If you ask me why you should be Buddhists and not indifferentists, as you are now, I tell you that I come, however unworthy, to take up the sword that Huxley wielded; I tell you that the Oppressor of Science in her girlhood is already at work to ravish her virginity; that a moment's hesitation, idleness, security may force us back from the positions so hardly won. Are we never to go forward, moreover? Are our children still to be taught as facts the stupid and indecent fables of the Old Testament, fables {255A} that the Archbishop of Canterbury himself would indignantly repudiate? Are minds to be warped early, the scientific method and imagination checked, the logical faculty thwarted – thousand of workers lost each year to Science?

And the way to do this is not only through the negative common-sense of indifference; organise, organise, organise! For a flag we offer you the stainless lotus-banner of the Buddha, in defence of which no drop of blood has ever been, nor ever will be shed, a banner under which you will join forces with five hundred million of your fellow-men. And you will not be privates in the army; for you the highest place, the place of leaders, waits; as far as the triumphs of the intellect are concerned, it is to Western Science that we look. Your achievements have shattered the battle-array of dogma and despotism; your columns roll in triumphant power through the breaches of false metaphysic and baseless logic; you have fought that battle, and the laurels are on your brows. The battle was fought by us more than two thousand years ago; the authority of the Vedas, the restrictions of caste, were shattered by the invulnerable sword of truth in Buddha's hand; we are your brothers. But in the race of intellect we have fallen behind a little; will you take no interest in us, who have been your comrades? To Science Buddhism cries: Lead us, reform us, give us clear ideas of Nature and her laws; give us that basis of irrefragable logic and wide knowledge that we need, and march with us into the Unknown!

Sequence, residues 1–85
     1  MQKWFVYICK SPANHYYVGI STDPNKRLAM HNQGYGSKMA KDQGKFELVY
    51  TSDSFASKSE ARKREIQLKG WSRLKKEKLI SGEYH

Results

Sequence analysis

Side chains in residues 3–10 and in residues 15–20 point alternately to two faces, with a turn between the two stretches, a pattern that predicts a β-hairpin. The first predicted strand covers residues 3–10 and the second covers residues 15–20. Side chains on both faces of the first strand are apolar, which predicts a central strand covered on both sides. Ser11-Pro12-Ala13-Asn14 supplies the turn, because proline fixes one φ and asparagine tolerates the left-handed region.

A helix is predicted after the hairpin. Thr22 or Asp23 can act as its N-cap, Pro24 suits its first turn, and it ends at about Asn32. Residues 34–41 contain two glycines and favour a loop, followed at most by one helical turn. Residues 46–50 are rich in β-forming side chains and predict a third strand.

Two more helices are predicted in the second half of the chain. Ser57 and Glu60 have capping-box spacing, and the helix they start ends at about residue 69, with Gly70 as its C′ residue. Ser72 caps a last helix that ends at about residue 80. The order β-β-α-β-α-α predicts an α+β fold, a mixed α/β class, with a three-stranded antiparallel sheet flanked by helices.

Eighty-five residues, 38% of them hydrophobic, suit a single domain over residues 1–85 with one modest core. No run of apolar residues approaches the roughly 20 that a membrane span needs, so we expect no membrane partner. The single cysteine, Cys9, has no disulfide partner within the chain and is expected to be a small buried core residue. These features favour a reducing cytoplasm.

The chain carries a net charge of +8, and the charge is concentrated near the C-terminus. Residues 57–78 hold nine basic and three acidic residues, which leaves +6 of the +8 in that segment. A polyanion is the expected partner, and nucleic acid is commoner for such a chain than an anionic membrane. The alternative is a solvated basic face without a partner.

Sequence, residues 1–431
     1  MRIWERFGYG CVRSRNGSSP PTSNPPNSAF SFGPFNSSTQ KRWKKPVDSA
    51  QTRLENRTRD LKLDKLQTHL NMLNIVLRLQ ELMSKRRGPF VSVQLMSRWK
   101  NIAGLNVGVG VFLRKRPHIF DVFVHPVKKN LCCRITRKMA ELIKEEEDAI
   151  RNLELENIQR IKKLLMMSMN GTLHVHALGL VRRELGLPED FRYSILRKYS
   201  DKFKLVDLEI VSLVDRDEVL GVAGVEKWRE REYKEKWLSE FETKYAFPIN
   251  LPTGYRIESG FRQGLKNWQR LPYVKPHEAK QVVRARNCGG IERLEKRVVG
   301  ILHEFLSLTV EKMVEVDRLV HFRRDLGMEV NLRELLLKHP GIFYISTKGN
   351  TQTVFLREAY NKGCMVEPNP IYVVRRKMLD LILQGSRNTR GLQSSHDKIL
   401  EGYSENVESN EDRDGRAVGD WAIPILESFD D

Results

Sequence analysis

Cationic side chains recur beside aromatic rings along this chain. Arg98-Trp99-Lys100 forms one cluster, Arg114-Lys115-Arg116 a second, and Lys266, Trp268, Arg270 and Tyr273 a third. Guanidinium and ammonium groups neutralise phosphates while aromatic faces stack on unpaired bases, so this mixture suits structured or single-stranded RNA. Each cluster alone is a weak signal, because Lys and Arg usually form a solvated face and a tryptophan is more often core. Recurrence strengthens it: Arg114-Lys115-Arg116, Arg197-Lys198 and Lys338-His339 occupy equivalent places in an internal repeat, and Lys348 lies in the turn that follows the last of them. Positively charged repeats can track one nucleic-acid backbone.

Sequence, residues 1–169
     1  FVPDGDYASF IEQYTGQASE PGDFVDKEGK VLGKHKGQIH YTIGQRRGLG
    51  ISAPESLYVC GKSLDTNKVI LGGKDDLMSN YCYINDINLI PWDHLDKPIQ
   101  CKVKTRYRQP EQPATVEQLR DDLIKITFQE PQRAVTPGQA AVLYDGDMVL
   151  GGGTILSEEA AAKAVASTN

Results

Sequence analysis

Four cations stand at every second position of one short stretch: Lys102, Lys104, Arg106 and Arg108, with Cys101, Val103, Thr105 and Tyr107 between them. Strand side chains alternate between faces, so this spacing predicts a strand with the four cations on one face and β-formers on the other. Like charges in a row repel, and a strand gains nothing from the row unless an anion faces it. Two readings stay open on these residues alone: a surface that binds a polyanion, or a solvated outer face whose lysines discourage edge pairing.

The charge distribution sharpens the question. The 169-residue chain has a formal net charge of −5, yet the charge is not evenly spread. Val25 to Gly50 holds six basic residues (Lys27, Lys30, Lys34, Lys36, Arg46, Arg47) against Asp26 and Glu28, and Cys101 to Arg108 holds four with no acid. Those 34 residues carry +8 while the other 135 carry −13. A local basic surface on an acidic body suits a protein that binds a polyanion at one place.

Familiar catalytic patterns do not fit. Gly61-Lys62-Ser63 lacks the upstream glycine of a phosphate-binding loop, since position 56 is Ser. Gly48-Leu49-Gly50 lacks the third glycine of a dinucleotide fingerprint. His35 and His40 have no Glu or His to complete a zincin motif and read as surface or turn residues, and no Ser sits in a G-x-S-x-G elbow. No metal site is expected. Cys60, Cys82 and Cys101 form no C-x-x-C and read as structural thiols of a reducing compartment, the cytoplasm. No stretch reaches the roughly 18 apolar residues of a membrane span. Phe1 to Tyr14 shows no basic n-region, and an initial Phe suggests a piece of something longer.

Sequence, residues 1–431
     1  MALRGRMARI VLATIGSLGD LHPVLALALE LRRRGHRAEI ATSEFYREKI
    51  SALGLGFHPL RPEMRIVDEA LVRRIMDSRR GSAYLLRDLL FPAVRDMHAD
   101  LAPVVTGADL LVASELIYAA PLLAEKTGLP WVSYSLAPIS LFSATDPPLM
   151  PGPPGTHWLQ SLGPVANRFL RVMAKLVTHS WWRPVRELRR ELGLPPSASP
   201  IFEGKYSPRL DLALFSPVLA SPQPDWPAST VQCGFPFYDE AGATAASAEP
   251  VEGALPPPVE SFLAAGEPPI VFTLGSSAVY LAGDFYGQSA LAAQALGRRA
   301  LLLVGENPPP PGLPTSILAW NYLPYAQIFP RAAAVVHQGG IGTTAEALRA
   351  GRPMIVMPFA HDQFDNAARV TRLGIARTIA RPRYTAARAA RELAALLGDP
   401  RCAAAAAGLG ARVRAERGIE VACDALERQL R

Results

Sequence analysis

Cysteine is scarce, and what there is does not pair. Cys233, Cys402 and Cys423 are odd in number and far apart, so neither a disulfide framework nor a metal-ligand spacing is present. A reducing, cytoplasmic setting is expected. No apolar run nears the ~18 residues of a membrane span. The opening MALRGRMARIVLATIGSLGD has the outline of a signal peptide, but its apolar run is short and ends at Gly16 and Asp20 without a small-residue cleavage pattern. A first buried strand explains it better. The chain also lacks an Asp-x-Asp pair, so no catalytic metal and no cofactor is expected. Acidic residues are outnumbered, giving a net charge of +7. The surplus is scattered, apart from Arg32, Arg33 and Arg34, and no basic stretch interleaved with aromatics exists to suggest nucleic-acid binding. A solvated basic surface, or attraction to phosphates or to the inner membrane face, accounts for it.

The Buddhist faith is not a blind faith; its truths are obvious to all who are not blinded by the spectacles of bibliolatry and deafened by the clamour of priests, presbyters, ministers: whatever name they choose for themselves, we can at least put them aside in one great class, the Thought-stiflers; and these truths are those which we have long accepted and to which you have recently hardly won.

It is to men of your stamp, men of independent (255B} thought, of keen ecstasy of love of knowledge, of practical training, that the Buddhasanana Samagama21) appeals; it is time that Buddhism reformed itself from within; though its truths be held untarnished (and even this is not everywhere the case), its methods, its organisation, are sadly in need of repair; research must be done, men must be perfected, error must be fought. And if in the West a great Buddhist society is built up of men of intellect, of the men in whose hands the future lies, there is then an awakening, a true redemption, of the weary and forgetful Empires of the East.